Evaluating the effects of implementation intention and self-concordance on behaviour

Authors

  • Nikos L. D. Chatzisarantis,

    Corresponding author
    1. Human Motivation in Education Research Laboratory, National Institute of Education, Republic of Singapore
      Correspondence should be addressed to Dr Nikos L. D. Chatzisarantis, Human Motivation in Education Research Laboratory, National Institute of Education, Singapore, Republic of Singapore 637616 (e-mail: nikos.chatzisarantis@nie.edu.sg).
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  • Martin S. Hagger,

    1. University of Nottingham, UK
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  • John C. K. Wang

    1. Human Motivation in Education Research Laboratory, National Institute of Education, Republic of Singapore
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Correspondence should be addressed to Dr Nikos L. D. Chatzisarantis, Human Motivation in Education Research Laboratory, National Institute of Education, Singapore, Republic of Singapore 637616 (e-mail: nikos.chatzisarantis@nie.edu.sg).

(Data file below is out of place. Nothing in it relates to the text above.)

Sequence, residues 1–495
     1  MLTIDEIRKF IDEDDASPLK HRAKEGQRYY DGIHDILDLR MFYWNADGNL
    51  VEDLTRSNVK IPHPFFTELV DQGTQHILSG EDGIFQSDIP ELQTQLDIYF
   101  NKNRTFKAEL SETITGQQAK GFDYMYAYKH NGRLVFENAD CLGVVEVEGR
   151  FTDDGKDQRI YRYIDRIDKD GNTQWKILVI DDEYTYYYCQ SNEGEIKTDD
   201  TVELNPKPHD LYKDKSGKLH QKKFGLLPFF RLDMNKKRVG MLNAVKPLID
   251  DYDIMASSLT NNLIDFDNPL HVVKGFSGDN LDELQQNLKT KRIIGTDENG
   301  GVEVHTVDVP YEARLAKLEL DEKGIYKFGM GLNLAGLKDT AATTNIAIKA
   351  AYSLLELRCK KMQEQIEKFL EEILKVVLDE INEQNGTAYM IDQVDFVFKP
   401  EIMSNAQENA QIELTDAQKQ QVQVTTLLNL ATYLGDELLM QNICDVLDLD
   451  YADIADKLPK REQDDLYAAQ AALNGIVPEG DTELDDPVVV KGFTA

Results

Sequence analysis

Abstract

The purpose of the present study was to investigate effects of implementation intentions on taking one multivitamin tablet, everyday, for 2 weeks, among individuals who endorsed self-concordant and self-discordant forms of motivation. A 2 (implementation intentions: yes, no)×3(motivation: self-concordance, self-discordance, control) experimental design was adopted with university students being exposed to manipulations of implementation intentions, self-concordance, and self-discordance (male=110, female=120, M age=23.50 years, SD=7.21). Results of the study indicated that while implementation intentions increased multivitamin intake for individuals who endorsed self-concordant and self-discordant forms of motivation, the combination of self-concordance and implementation intentions produced particularly enhanced levels of compliance on multivitamin intake. The implications of results of the present study to theory development and practice are discussed.

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